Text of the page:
"The squadron here is a family," Chris said. "If a guy is being worked a little bit too hard, we're pretty honest about saying, 'Hey, I need to have some down time.' And our leadership is good about giving us that time."

Deployment lengths vary. Chris was at the end of a four-month deployment — his sixth overall, and third flying MQ-1s — but others are here for six months.

Chris said he's on a 1:1 dwell-deploy ratio, meaning he's home for four months, deployed four months, and then back home for another four. That's much higher than the 1:2 dwell-deploy ratio that is the Air Force's goal. But Chris said that when he's home, he has a lot more flexibility to take leave and relax.

"Our squadron here runs 24 hour ops, seven days a week, out of this location," Chris said. "It's challenging, being gone from your family for so long. … Anyone with a wife and kid, it's hard to be gone eight months out of the year. … But you really get focused on the mission, you do your job, and then when you get home, you get to enjoy your time. … A lot of people would rather be doing this versus being on shift work."

The MQ-1 Predator has taken on a critical role in the fight against the Islamic State terror group, with U.S. Air Force crews flying the unmanned aircraft virtually around the clock in the region.

Photo Credit: Stephen Losey/Staff

Chris is starting to see some signs of progress in the production of new RPA pilots. The manning levels in his squadron have recently gotten to the point where they're on a "semi-normal schedule," he said, and members can even take leave from time to time. That wasn't the case a few years ago. And he's hopeful that as manning continues to improve, deployment ratios could fall to the desired 1:2 rate.

"Since I've been gone, I've heard we're getting a lot of new people," he said. "I expect not to recognize anyone when I get back."

Stick-and-rudder time

Chris flies his Predators from a ground control station in a small metal shipping container on base, with his sensor operator sitting to his right, operating the camera. The station has multiple monitors displaying video, maps and aircraft information such as engine temperature, oil remaining and any warning signs.  A second bank of controls and monitors could allow another pilot-sensor op pair to fly a second Predator, but Chris said the 386th usually only needs one pair to launch or recover a Predator at any given time.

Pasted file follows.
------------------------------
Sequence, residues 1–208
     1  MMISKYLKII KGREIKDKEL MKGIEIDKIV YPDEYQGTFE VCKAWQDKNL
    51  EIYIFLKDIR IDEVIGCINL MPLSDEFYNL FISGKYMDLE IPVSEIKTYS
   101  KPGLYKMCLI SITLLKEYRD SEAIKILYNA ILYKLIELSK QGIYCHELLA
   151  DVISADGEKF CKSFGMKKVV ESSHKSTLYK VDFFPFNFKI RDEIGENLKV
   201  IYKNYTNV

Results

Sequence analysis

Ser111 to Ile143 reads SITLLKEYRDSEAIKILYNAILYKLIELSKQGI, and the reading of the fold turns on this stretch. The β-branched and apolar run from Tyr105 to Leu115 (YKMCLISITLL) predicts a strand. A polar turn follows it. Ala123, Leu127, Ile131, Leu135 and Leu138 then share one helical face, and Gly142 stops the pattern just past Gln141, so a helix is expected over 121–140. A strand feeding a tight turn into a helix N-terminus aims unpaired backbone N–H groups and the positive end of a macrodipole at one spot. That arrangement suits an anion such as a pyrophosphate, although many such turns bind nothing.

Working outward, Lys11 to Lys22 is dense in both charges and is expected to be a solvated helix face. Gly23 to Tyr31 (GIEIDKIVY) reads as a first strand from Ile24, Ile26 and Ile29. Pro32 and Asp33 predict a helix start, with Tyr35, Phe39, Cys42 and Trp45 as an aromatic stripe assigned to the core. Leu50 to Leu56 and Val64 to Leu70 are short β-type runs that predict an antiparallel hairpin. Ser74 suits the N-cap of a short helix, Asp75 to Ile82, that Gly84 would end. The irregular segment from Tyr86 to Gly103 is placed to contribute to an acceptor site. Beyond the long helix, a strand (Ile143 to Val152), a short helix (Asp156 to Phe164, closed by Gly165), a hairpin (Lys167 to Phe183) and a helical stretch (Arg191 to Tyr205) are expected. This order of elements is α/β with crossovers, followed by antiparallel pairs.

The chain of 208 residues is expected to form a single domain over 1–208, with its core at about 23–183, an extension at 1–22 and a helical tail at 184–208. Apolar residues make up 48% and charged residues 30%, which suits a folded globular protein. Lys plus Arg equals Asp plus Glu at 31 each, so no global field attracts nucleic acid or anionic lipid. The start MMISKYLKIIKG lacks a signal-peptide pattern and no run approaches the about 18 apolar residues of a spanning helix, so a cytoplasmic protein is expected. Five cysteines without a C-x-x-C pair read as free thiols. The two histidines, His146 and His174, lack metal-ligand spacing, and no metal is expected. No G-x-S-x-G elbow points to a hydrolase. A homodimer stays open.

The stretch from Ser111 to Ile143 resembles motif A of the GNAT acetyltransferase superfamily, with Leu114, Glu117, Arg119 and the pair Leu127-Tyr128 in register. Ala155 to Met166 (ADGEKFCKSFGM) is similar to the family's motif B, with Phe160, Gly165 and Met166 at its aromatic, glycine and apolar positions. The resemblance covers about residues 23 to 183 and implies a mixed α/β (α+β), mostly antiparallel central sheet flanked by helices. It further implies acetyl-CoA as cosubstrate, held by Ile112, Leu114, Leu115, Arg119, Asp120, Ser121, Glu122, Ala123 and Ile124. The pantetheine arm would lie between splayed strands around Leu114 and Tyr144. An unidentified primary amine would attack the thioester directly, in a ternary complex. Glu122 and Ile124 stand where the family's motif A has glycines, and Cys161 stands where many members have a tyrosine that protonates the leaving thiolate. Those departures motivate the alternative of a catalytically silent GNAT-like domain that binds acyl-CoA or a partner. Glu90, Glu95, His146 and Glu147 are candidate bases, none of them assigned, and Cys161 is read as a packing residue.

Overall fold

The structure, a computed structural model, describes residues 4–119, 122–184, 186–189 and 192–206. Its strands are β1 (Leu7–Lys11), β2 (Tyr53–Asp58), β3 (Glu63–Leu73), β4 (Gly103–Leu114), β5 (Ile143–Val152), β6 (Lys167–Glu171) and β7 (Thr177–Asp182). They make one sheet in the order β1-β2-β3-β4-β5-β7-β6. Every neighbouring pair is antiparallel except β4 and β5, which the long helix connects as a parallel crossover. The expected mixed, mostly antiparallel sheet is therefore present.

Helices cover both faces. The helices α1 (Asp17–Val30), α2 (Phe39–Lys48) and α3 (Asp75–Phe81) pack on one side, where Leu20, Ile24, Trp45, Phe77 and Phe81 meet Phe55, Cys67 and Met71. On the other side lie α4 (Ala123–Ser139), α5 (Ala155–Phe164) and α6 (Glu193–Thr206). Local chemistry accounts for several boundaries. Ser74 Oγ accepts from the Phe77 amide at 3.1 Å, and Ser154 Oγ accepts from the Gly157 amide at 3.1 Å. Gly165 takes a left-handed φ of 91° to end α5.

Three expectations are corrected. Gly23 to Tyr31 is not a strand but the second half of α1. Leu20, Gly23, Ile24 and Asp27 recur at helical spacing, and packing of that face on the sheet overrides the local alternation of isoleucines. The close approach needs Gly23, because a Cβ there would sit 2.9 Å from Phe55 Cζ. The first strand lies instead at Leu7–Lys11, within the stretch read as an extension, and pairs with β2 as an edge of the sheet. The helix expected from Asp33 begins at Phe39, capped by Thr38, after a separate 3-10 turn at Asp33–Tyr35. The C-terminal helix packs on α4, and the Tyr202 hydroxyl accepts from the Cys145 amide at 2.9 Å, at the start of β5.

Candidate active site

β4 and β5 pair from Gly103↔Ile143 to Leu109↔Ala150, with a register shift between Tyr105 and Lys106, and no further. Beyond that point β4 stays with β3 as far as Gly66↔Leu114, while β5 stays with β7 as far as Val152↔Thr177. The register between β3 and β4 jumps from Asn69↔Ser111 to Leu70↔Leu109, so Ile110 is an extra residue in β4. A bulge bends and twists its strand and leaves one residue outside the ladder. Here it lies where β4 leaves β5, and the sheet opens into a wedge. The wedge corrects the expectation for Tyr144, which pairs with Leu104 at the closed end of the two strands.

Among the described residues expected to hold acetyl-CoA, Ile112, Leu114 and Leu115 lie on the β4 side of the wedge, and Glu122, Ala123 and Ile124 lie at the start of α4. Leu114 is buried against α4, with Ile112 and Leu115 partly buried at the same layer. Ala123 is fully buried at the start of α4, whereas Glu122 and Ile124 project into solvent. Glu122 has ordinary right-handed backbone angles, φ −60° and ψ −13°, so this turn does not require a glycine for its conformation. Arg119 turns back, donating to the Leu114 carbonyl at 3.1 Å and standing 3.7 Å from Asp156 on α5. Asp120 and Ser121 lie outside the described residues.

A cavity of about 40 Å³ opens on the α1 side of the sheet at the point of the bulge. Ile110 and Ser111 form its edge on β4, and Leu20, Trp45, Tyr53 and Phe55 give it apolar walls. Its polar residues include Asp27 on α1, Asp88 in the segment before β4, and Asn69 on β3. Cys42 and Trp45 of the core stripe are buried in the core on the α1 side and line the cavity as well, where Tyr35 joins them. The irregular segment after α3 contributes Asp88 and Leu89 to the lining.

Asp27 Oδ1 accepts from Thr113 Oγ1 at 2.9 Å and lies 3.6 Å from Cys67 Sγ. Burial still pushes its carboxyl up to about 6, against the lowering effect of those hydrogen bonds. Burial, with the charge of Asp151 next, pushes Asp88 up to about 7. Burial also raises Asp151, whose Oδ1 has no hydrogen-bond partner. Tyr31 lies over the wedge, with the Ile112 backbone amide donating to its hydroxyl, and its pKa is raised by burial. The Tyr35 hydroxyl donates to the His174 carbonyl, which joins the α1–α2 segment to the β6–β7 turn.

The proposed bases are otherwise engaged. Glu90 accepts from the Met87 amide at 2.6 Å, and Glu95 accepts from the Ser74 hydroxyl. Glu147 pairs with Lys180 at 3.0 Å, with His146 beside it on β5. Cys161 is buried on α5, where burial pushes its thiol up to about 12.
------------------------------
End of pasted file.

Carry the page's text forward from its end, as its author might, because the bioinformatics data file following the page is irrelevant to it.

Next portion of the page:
The pilot and sensor op stations have the same controls, meaning they could be reversed, but rarely are, Chris said. For the pilot, the stick and the throttle lever controls the aircraft, but the sensor op uses those controls to aim the camera, zoom in and out, and adjust contrast and focus for a sharper image.

Other displays can sometimes be used by intelligence officers in the U.S. to show maps, pictures or other data, but that typically doesn't happen during the 386th's launch and recovery operations. The GCS is also climate-controlled to keep the computers cool — meaning when the desert heat hits 120 degrees Fahrenheit, Chris said, it's nice to come in and work in 60-degree temperatures.

Chris said he enjoys flying takeoffs and landings because it provides plenty of "stick and rudder time," which he said is more challenging — and fun.

"It's not flying autonomously," Chris said. "You're having a hand on the stick and your other hand on the throttle, and you're actually controlling the aircraft. If you had one airline pilot, that all he did was take off and land, and another airline pilot that got into the seat when they're already leveled off and just cruising, that guy would probably feel a little bit like he wanted to have more time to fly the airplane. Here, we actually get to do that."

Chris said the Islamic State's threats against RPA airmen are concerning but also reinforce his determination to help win the war against the group.

"They've made threats against a lot of people, and I think anybody involved in the fight takes that to heart," Chris said. "It's part of the reason why we're here, because they're really bad people, and we want to do our part in the OIR mission."